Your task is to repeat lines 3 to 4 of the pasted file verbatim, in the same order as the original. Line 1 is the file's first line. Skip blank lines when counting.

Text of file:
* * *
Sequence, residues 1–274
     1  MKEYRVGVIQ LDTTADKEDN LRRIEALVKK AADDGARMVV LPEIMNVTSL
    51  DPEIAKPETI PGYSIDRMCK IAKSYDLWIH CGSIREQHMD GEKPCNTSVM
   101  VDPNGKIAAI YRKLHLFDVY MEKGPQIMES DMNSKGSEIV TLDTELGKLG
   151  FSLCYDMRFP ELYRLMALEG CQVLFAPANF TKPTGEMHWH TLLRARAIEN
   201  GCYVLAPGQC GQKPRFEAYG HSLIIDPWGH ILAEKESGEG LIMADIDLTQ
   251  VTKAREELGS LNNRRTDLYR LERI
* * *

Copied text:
    51  DPEIAKPETI PGYSIDRMCK IAKSYDLWIH CGSIREQHMD GEKPCNTSVM
   101  VDPNGKIAAI YRKLHLFDVY MEKGPQIMES DMNSKGSEIV TLDTELGKLG